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RugbyLeagueGeek

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  1. Don't know what to say John. Thoughts go out to you blokes and the game as a whole. Just hope the goverment can provide the necessary support to stop entire industries from complete collapse. But if you produce it, I'll still buy it.
  2. It's just likely to be a massive hit to the coffers. Wouldn't like to guess at the gate receipts but they must be pretty big. I really don't know what to think. The whole situation is going to be a gigantic mess I fear.
  3. And then lose the Grand Final? That's the biggest event in the domestic calendar at present.
  4. Thanks for that. It certainly does look like a more extensive set-up than the competitions in the home nations currently. Contrary to what you may believe, not everyone asks questions on social media to try and trip people up and score points off them. The reason I ask questions is to try and understand different view points. But if people don't engage by answering questions or providing any supporting evidence, then I'm not simply going to take their word for it. That was why because you were initially reluctant to provide any evidence that I was left to assume that your argument was baseless. But having seen that competition structure I concede that there seems to be something behind your viewpoint. However, I'm still confused as to the basis behind your argument. In your mind, what is the threshold for a country's development system being substantial enough to justify England playing against them? Whilst Wales may not have as many community clubs as Tonga has, it does have university and college teams, several junior clubs, and also several schools teams in the Champions Schools tournament. More importantly, the Welsh system has produce several players that are currently playing in the professional structure and for the national team. You admit that Tonga's current system hasn't produced any players for the national team, but deem that system to be worthy enough for England to play against them. However, you don't deem Wales's system worthy enough to justify England playing against them. It seems very arbitrary to me, and I just find your position very confusing and somewhat contradictory.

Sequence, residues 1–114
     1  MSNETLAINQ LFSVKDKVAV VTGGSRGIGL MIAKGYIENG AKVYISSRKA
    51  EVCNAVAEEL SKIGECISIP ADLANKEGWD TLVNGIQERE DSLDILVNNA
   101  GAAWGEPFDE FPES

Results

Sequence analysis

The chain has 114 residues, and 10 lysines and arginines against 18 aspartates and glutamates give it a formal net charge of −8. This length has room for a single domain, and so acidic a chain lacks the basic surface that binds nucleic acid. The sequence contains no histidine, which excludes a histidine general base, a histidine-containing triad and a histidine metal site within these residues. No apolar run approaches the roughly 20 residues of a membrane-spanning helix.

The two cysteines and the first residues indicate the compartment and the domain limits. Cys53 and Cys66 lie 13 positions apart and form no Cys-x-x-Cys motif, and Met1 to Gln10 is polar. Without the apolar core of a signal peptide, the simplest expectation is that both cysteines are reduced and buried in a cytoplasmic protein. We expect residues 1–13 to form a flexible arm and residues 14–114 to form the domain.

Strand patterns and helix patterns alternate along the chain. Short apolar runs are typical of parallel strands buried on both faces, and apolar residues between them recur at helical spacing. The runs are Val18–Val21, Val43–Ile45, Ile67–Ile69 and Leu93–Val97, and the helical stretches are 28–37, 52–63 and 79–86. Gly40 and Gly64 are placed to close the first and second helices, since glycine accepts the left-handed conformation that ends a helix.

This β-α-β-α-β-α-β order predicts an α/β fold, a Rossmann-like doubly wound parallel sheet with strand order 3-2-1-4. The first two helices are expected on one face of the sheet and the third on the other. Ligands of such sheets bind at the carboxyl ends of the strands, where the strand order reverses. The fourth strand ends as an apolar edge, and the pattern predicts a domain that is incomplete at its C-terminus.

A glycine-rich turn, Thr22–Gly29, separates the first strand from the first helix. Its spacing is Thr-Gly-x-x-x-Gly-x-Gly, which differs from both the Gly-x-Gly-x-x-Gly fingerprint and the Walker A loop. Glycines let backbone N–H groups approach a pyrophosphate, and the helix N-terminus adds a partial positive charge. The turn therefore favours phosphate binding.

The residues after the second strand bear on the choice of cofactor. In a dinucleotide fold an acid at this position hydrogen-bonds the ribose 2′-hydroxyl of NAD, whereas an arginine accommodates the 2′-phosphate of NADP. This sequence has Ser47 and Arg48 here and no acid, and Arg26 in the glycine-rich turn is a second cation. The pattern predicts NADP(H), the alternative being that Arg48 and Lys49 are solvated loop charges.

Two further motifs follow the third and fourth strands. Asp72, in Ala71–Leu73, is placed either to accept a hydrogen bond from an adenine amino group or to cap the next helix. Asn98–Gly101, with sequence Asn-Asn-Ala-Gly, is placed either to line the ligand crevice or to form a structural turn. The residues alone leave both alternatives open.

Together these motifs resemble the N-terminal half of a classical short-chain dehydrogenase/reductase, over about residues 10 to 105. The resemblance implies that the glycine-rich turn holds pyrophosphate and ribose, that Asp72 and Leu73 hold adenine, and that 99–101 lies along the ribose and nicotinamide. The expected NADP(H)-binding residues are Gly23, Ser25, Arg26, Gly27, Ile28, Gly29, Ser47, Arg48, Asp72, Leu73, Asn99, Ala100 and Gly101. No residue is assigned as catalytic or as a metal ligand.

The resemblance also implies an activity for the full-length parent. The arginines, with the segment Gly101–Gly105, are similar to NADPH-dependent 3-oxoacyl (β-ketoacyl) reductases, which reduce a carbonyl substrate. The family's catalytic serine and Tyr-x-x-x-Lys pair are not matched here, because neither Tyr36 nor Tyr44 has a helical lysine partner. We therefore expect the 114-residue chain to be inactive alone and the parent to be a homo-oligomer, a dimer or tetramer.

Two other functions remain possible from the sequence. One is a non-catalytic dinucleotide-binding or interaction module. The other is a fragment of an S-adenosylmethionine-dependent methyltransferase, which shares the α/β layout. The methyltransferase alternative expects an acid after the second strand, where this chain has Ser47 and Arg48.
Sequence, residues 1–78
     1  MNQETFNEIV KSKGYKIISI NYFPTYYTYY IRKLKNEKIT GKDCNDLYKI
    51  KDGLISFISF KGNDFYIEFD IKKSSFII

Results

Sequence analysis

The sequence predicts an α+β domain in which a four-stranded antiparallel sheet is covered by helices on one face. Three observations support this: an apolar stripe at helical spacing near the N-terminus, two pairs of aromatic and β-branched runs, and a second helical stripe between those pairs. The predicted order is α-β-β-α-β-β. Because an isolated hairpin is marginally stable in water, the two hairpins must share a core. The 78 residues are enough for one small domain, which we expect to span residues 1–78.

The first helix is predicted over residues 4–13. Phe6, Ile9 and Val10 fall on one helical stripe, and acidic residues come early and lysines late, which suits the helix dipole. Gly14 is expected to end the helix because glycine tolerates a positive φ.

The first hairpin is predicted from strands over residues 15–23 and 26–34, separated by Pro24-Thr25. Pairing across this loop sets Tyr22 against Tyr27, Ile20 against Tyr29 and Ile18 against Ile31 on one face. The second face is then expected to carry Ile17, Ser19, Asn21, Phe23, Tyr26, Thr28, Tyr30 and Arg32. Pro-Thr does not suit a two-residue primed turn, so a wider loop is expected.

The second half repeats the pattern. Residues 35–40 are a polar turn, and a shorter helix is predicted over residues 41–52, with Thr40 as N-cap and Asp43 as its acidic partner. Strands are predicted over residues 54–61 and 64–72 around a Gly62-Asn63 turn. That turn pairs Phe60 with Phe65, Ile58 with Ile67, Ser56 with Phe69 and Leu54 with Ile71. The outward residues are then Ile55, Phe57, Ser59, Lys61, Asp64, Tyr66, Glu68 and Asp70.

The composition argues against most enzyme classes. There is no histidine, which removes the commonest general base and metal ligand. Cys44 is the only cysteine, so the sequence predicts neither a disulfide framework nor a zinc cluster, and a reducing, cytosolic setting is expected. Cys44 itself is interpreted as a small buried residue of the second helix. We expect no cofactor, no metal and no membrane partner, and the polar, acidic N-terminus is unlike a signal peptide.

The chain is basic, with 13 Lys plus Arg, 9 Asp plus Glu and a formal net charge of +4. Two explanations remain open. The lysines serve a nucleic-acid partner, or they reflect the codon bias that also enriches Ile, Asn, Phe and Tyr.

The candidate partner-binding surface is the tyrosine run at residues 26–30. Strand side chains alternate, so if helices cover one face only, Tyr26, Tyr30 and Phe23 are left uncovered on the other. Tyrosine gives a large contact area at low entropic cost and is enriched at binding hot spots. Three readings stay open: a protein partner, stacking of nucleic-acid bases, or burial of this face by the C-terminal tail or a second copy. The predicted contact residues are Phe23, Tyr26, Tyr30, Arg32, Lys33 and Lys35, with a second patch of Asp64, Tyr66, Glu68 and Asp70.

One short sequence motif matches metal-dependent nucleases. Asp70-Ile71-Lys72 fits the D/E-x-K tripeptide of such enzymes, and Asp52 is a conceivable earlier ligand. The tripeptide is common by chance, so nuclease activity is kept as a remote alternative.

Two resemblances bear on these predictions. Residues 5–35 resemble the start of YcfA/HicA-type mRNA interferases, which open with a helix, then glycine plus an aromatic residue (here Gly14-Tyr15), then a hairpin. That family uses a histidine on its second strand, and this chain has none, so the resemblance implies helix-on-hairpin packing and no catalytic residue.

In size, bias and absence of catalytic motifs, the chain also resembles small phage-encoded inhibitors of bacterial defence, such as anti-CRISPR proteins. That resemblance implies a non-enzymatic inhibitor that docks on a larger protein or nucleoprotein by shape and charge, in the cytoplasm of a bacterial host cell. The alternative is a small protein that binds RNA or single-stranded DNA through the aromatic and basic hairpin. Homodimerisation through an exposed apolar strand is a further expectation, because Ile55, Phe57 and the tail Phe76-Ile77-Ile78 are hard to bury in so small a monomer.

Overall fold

5. I haven't. I've merely asked you to provide evidence that they were significantly better than those systems in the home nations. You haven't been able to provide any evidence, and therefore haven't been able to convince me that your argument isn't flawed and contradictory.
  6. If you don't know, then why have you come on a forum claiming that Tonga's local player development systems are better than those of Ireland, Scotland and Wales when you have zero evidence to back it up?
  7. I'm afraid you are incorrect - there are domestic competitions and development in Scotland, Ireland and Wales. Can you clarify how these competitions and development differ from that going on in Tonga, in terms of numbers of teams, players, growth etc etc? It's ok to say that you don't know, if you don't know.
  8. I'm just highlighting the inconsistency in your argument. Last year's Tongan squad only contained Konrad Hurrell who was born in Tonga, and he moved to NZ as a teenager to play RU. The rest were all born in Aus or NZ. Can you define what the significant youth systems are in Tonga compared to Ireland, Scotland and Wales? How many professional players have been produced by these respective systems? In terms of interest, the last 4 Nations game between Eng and Scotland achieved higher peak viewing figures than when Eng played Aus, and higher avge figures than when Eng played NZ. There are far more Welsh-born players in the Welsh squad than there are Tongan-born players in the Tongan squad, so if this is your argument shouldn't we be playing Wales before we play Tonga? If the real reason you don't want Eng to play Wales, Scotland and Ireland is because they're not very good, then that's fine, but it's a completely separate argument. I have no problem with heritage players making up the bulk of several international squads. Without it, we'd still have a 5-team World Cup. However, if you're going to bag Ireland, Scotland and Wales for a lack of home-grown players then the same argument should be applied to the likes of Tonga, Samoa, Cook Islands, Lebanon and arguably Fiji.
  9. Presume you're talking solely about Super League success. He won the Lance Todd Trophy as MoM 2 years running to help Hull claim consecutive Challenge Cups. To me that shows he's a big game player, and I'd have no problem seeing him in an England shirt for that reason.
  10. I bet Toronto would kill for a Sneyd in their team at the moment.
  11. Yes I agree that would probably be much better. I'd still look to keep the play-offs as giving the top placed team an advantage for finishing first, so if it did become top 4 then I'd go 1v2 and 3v4, with the winners of 1v2 going to Grand Final and the losers playing winner of 3v4 in qualifying semi final.
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